Author Guidelines

Manuscript should be uploaded to JIE system and arranged in standard format, Title, Authors, Address and Email, Abstract, Keywords, Introduction, Methods, Result and Discussion, Conclusion, Acknowledgment (optional) and Bibliography. Typed at one side of white paper of A4 size, in single column, 1.5 space line, 12 point Tahoma font and should be given line numbers. Margins on all four sides are 2 cm.

The title of the paper should be concise and informative. Avoid abbreviations and formula where possible. It should be written clearly and concisely describing the contents of the research.

Authors should try to avoid, if possible:
  • Titles that are mere questions without giving the answer.
  • Unambitious titles, for example, starting with "Towards", "A description of", "A characterization of", and "Preliminary study on".
  • Vague titles, for example, starting with "Role of...", "Link between...", and "Effect of..." do not specify the role, link, or effect.
  • Include terms that are out of place, for example, the taxonomic affiliation apart from the species name.

Manuscript has main author and co authors with full name of the author and co-authors (no abbreviation), includes affiliations address (es) and email addresses clearly.

All names are listed together and separated by commas. Provide exact and correct author names as these will be indexed in official archives. Affiliations should be keyed to the author's name with superscript numbers and be listed as follows: Institut/University/Organisation, Country (without detailed address information such as city zip codes or street names).
Example: Universitas Muhammadiyah Malang, Jalan Raya Tlogomas No. 246 Tlogomas, Babatan, Tegalgondo, Lowokwaru, Malang, East Java, Indonesia, 65144.

The abstract comes after title page in the manuscript. Abstract must be integrated and independent which is consist of introduction and purpose, methods, results, conclusion and suggestion. However the abstract should be written as a single paragraph without these headers. For this reason, References should be avoided. Also, non-standard or uncommon abbreviations should be avoided, but if essential they must be defined at their first mention in the abstract itself. Abstract must be written using 150 until 200 words which has no reference and accompanied keywords.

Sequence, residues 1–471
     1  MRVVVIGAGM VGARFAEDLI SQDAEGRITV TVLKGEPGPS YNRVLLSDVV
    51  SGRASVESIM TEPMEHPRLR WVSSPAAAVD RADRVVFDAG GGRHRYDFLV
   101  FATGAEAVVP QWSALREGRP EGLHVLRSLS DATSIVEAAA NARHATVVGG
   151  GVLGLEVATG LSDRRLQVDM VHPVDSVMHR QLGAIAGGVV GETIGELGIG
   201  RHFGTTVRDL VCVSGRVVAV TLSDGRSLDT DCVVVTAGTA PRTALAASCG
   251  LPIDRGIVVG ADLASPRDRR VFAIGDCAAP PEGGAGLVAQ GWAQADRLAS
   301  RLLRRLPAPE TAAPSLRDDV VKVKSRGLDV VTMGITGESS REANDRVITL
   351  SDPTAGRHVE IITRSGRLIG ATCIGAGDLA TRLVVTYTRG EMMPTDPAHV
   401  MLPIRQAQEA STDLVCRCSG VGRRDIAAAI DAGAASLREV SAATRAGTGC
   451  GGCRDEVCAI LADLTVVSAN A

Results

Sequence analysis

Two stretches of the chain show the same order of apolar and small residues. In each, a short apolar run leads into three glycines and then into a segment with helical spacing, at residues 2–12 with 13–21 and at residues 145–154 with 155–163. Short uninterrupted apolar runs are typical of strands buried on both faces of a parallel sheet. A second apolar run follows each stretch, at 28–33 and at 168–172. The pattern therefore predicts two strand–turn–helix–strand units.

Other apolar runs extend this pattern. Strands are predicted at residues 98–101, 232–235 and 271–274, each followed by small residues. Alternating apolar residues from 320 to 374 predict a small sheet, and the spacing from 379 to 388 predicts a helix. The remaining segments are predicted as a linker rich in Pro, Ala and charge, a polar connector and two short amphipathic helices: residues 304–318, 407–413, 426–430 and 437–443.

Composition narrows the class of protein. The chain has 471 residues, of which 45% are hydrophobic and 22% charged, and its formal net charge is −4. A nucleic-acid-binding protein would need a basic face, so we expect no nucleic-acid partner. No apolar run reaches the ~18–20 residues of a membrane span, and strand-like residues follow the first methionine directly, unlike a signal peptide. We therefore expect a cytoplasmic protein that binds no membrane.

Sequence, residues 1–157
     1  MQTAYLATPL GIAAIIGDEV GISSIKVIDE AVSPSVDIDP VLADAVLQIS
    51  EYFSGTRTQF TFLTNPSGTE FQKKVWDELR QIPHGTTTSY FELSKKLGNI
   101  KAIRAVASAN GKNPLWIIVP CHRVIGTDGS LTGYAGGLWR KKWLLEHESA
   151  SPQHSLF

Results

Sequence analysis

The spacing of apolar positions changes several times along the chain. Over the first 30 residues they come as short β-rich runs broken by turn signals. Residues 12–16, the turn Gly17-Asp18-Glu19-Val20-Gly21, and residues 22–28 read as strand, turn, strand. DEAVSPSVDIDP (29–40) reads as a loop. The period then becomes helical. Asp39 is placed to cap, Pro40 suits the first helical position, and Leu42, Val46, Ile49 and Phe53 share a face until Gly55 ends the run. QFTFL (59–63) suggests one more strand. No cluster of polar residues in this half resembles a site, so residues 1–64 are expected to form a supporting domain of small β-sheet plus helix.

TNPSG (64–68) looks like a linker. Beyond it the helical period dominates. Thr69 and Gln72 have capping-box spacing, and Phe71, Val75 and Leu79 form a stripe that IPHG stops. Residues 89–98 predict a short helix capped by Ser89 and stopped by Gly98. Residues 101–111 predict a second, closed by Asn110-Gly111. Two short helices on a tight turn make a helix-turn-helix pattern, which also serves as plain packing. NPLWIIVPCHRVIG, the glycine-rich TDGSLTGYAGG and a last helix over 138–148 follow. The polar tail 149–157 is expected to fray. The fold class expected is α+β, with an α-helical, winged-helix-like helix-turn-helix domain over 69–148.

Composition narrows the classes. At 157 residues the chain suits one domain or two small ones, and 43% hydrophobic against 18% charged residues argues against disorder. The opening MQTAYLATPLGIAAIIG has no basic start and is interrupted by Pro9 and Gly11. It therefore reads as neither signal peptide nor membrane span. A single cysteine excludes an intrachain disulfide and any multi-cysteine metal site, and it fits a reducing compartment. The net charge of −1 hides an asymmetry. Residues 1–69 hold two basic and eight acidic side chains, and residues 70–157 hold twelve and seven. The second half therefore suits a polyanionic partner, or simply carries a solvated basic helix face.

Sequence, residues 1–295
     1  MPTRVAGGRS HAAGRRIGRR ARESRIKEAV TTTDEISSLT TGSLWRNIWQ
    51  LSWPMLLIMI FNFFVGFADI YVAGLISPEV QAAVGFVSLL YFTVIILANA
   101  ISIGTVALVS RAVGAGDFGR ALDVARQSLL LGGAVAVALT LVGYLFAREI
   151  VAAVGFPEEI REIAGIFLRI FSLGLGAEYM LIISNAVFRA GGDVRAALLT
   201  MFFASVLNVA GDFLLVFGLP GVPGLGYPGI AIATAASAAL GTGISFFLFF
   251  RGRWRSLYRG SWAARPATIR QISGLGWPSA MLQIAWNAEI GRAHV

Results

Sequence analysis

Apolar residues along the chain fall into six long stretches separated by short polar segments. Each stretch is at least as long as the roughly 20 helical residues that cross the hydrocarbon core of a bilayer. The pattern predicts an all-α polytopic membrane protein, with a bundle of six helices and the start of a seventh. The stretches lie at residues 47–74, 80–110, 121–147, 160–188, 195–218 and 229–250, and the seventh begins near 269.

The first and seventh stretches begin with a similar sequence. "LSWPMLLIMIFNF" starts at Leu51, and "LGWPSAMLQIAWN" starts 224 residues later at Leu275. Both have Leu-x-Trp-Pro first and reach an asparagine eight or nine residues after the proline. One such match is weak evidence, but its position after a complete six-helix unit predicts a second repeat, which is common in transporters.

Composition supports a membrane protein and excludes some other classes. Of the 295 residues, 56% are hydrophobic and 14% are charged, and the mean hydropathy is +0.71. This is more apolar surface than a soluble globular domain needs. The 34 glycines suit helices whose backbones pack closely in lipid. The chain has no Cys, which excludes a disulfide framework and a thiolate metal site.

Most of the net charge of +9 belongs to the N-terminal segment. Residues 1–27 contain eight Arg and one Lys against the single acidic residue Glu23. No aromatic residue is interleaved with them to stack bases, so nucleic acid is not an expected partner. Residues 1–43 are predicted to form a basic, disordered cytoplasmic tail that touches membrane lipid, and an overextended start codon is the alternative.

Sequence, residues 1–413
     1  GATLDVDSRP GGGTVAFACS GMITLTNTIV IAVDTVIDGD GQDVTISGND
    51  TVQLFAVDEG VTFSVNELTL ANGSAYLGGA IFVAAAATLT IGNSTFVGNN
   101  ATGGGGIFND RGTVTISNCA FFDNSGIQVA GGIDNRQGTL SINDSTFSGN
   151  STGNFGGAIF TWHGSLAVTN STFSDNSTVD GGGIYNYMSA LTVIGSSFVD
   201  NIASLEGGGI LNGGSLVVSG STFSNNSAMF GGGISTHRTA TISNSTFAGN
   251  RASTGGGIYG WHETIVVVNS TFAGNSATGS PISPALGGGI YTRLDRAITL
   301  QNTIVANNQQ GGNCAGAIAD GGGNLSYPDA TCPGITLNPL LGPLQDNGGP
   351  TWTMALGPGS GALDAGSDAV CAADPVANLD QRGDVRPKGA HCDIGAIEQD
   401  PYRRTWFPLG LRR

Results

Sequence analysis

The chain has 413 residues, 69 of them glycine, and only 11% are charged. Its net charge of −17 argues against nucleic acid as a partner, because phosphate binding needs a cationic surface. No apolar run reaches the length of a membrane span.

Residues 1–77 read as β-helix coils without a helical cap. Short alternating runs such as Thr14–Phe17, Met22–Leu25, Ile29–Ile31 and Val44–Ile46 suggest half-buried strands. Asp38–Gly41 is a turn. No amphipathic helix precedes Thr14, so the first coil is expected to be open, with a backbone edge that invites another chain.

As a primary goal, the abstract should render the general significance and conceptual advance of the work clearly accessible to a broad readership. In the abstract, minimize the use of abbreviations and do not cite references. The word length is not more than 150-250 words, written in English and Indonesia.
  • Background of study
  • Aims and scope of the paper
  • Methods
  • Results and Discussion
  • Conclusions

The keywords should be avoiding general and plural terms and multiple concepts. Do not use words or terms in the title as keywords. These keywords will be used for indexing purposes. Keywords should not more than 5 words or phrases in alphabetical order.


The introduction is a little different from the short and concise abstract. The reader needs to know the background to your research and, most importantly, why your research is important in this context. What critical question does your research address? Why should the reader be interested?
The purpose of the Introduction is to stimulate the reader's interest and to provide pertinent background information necessary to understand the rest of the paper. You must summarize the problem to be addressed, give background on the subject, discuss previous research on the topic, and explain exactly what the paper will address, why, and how. A good thing to avoid is making your introduction into a minireview. There is a huge amount of literature out there, but as a scientist, you should be able to pick out the things that are most relevant to your work and explain why. This shows an editor/reviewer/reader that you really understand your area of research and that you can get straight to the most important issues.
Keep your Introduction to be very concise, well structured, and inclusive of all the information needed to follow the development of your findings. Do not over-burden the reader by making the introduction too long. Get to the key parts of other paper sooner rather than later.
  1. Begin the Introduction by providing a concise background account of the problem studied.
  2. State the objective of the investigation. Your research objective is the most important part of the introduction.